The excitement of our hunters, both young and old, now rose almost to fever height; scarce any of them having ever encountered any of this far-famed game of the prairies. Accordingly, when in the course of the day the cry of buffalo! buffalo! rose from one part of the line, the whole troop were thrown in agitation. We were just then passing through a beautiful part of the prairie, finely diversified by hills and slopes, and woody dells, and high, stately groves. Those who had given the alarm, pointed out a large black-looking animal, slowly moving along the side of a rising ground, about two miles off. The ever-ready Tonish jumped up, and stood with his feet on the saddle, and his forked sticks in his hands, like a posture-master or scaramouch at a circus, just ready for a feat of horsemanship. After gazing at the animal for a moment, which he could have seen full as well without rising from his stirrups, he pronounced it a wild horse; and dropping again into his saddle, was about to dash off full tilt in pursuit, when, to his inexpressible chagrin, he was called back, and ordered to keep to his post, in rear of the baggage horses.
The Captain and two of his officers now set off to reconnoitre the game. It was the intention of the Captain, who was an admirable marksman, to endeavor to crease the horse; that is to say, to hit him with a rifle ball in the ridge of the neck. A wound of this kind paralyzes a horse for a moment; he falls to the ground, and may be secured before he recovers. It is a cruel expedient, however, for an ill-directed shot may kill or maim the noble animal.
As the Captain and his companions moved off laterally and slowly, in the direction of the horse, we continued our course forward; watching intently, however, the movements of the game. The horse moved quietly over the profile of the rising ground, and disappeared behind it. The Captain and his party were likewise soon hidden by an intervening hill.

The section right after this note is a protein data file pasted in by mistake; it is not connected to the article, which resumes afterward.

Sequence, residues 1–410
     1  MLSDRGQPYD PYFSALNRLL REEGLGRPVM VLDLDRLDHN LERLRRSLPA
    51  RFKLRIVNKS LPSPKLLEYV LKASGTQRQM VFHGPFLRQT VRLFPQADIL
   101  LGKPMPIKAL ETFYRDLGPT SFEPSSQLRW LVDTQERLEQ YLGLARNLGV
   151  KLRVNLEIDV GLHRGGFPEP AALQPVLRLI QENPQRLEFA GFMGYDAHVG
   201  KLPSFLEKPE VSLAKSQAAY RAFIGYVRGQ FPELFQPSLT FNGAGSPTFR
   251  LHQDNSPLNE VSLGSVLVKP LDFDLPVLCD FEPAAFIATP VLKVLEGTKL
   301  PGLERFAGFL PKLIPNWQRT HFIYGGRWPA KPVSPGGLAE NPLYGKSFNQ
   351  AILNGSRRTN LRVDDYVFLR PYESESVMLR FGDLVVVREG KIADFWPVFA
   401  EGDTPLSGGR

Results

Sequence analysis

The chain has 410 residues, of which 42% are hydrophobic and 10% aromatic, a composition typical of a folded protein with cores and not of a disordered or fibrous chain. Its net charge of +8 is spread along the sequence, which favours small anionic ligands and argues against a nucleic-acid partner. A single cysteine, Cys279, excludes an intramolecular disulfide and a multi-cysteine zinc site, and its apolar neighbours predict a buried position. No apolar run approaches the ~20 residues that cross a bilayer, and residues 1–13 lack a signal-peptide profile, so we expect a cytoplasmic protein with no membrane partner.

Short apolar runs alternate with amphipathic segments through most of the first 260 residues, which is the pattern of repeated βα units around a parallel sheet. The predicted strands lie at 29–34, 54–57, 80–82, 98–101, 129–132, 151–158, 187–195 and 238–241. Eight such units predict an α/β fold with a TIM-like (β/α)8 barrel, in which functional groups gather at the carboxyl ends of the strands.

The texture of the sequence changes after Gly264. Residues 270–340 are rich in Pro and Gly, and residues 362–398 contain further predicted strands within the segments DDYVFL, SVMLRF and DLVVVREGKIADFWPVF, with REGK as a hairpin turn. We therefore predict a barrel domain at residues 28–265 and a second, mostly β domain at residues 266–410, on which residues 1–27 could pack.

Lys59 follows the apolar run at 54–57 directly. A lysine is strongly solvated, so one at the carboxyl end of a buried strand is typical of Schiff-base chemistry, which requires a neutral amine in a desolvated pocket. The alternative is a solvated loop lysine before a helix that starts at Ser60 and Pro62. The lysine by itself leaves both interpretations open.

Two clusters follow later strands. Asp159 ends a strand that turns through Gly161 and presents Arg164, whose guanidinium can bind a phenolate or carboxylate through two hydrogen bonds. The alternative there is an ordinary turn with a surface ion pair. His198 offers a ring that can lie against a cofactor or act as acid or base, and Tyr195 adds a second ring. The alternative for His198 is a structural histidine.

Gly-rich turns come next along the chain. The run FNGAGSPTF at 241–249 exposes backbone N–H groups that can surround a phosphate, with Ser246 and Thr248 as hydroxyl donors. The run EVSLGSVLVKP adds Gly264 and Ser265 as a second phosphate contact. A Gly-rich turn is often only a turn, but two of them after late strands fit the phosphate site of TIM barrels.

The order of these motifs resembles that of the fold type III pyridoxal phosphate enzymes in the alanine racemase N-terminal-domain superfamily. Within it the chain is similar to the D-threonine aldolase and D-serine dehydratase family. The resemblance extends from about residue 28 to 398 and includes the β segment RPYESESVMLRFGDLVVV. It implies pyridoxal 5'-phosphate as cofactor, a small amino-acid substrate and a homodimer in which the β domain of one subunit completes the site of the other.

After a time, the horse suddenly made his appearance to our right, just ahead of the line, emerging out of a small valley, on a brisk trot; having evidently taken the alarm. At sight of us he stopped short, gazed at us for an instant with surprise, then tossing up his head, trotted off in fine style, glancing at us first over one shoulder, then over the other, his ample mane and tail streaming in the wind. Having dashed through a skirt of thicket, that looked like a hedge-row, he paused in the open field beyond, glanced back at us again, with a beautiful bend of the neck, snuffed the air, then tossing his head again, broke into a gallop, and took refuge in a wood.
It was the first time I had ever seen a horse scouring his native wilderness in all the pride and freedom of his nature. How different from the poor, mutilated, harnessed, checked, reined-up victim of luxury, caprice, and avarice, in our cities!
After travelling about fifteen miles, we encamped about one o’clock, that our hunters might have time to procure a supply of provisions. Our encampment was in a spacious grove of lofty oaks and walnuts, free from underwood, on the border of a brook. While unloading the pack-horses, our little Frenchman was loud in his complaints at having been prevented from pursuing the wild horse, which he would certainly have taken. In the meantime, I saw our half-breed, Beatte, quietly saddle his best horse, a powerful steed of half-savage race, hang a lariat at the saddle-bow, take a rifle and forked stick in hand, and, mounting, depart from the camp without saying a word. It was evident he was going off in quest of the wild horse, but was disposed to hunt alone.